Here’s a ground rule for shoes: wear the least amount of shoe you can get by with, given how you currently run and the distance you’re running. Shoes should feel comfortable when you first put them on, and should never restrict the natural motion of your foot.  If you need to break in a pair of shoes, it’s a good bet they’re more shoe than you need. The general rule is the maximum mileage on a pair of shoes is 500 miles. Running in old shoes can lead to pain and injury.

8. Being too serious

Nothing creates a buzz-kill around your running more than taking your self too seriously. Enjoy yourself, and laugh at, and learn from your foibles. Becoming a good runner is a process that takes practice. Getting caught up in results and split times can pull the plug on  the joy you could have from simply running. Focus on your technique and the results will always come. Take your running technique seriously and your self lightly!




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11 CommentsLeave a comment below

Richard Westbrook Apr 30th, 2014 10:01pm

All the tips sound good, logical.  But, having stated that, I do not follow number 3 (days in a row); number 4 (too far on new terrain); and number 7 (shoes).  I am currently on my 39th year of a running streak.  Many times I have taken a long run (20+ miles) on new terrain…just for the adventure.  As for shoes, I have several pair I’m still running in that have over or approaching the 1000 mile mark.  So far, so good in all these respects.  (Richard Westbrook)

My Three Moggies May 1st, 2014 03:50am

Point 8 made me smile because on 20th April this year I did my first ever half marathon and was awarded an Easter egg because I was the most smiling runner grin.  I am currently reading your book and have been focusing the past week on my breathing and following your techniques as I am so heavy when I first start out for the first two/three km.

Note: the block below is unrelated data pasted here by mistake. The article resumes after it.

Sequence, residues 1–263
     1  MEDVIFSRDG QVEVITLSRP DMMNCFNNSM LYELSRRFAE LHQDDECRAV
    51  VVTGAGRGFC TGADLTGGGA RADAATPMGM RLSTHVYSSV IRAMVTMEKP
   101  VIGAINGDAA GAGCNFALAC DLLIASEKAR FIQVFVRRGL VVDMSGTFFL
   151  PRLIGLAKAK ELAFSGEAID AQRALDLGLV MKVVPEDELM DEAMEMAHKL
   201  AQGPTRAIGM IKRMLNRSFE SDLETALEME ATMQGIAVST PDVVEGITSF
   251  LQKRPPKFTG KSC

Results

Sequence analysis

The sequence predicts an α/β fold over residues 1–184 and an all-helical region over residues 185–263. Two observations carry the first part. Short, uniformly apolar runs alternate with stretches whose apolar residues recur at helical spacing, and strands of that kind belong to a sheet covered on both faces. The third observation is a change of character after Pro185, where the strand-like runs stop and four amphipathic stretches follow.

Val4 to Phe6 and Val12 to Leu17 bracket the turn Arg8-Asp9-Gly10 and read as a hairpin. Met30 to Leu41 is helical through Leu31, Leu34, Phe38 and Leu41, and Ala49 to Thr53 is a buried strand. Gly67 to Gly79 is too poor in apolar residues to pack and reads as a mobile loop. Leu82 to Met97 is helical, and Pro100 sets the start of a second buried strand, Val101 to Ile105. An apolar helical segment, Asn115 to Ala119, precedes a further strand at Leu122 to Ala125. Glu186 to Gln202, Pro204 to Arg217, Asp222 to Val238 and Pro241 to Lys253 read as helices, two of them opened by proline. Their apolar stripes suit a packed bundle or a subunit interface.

Annie Myers May 1st, 2014 08:21am

reek havoc

Hi Danny- I love chi running.  But my internal editor wants you to know the phrase is “wreck havoc” not reek havoc as in (4) above.  Darn those homonyms.  Best,  Annie

Rick Goldman May 1st, 2014 12:23pm


Actually it’s “wreak havoc,” not “wreck havoc.”

...actually, if you’re going to be correct, it’s WREAK havoc!

I am taking in every word.  I am signed up the Chicago workshop.  I have been practicing Chi Running since March 23rd.  I am excited to take it to the next level.  I am diligently working on #2, as I have only been running for 13 months, and I do want to go faster while sacrificing other mechanics; the intellect says build distance first, and of course, I am now focusing on form over distance.  One step at a time, literally.  Great program.  Happy Chi Running.

The phrase is “wreak havoc” (See definition 3 below)


wreak transitive verb ˈrēk also ˈrek
: to cause (something very harmful or damaging)

Full Definition of WREAK

a archaic :  avenge
b :  to cause the infliction of (vengeance or punishment)
:  to give free play or course to (malevolent feeling)
:  bring about, cause <wreak havoc>

Running Librarian May 1st, 2014 06:15pm

Darn homonyms - that’s “wreak” havoc, as in “cause.”

Rick Goldman May 2nd, 2014 03:14pm

Actually, “reek” is not really a homonym either.


I have started reading your book. And i’ve also started practicing chi running. It has been around 2 weeks since I started. I have run few 5ks earlier. How much distance should i start with. I am getting pain in calf muscle after the run. When I start running it goes off but it comes after i take rest for some time.I am doing slow run. What could be the reason or is it normal to get some pain initially?Should I give my body some time.

Dennis Enkurs May 22nd, 2014 03:39pm

Hey Danny.
Helping people get their love of running, is a cheap fitness and lifestyle revamp. I’m 56 and the Whidbey Island Marathon was my second one in 2 years after over a 30 year hyatus.
  Taking yourself not seriously and enjoying your run can lead to a nice relaxed gait with less energy expenditure as a result.
  I toOk a camera on the whidbey marathon, stopped to pose and have my picture taken with it, and managed to not only beat last years time at The Abbotsford Run for Water marathon (flat course) by 18 minutes, but endeded up with a qualifying time for the Boston (bucket list)and second in my age group.
  Thanks to starting off With the Born to Run book and finishing off and continually using the material from your books Chi Running and Chi Marathon.
There are no junk runs, even when running slow if you apply one or two running tips from either one of those two latter books.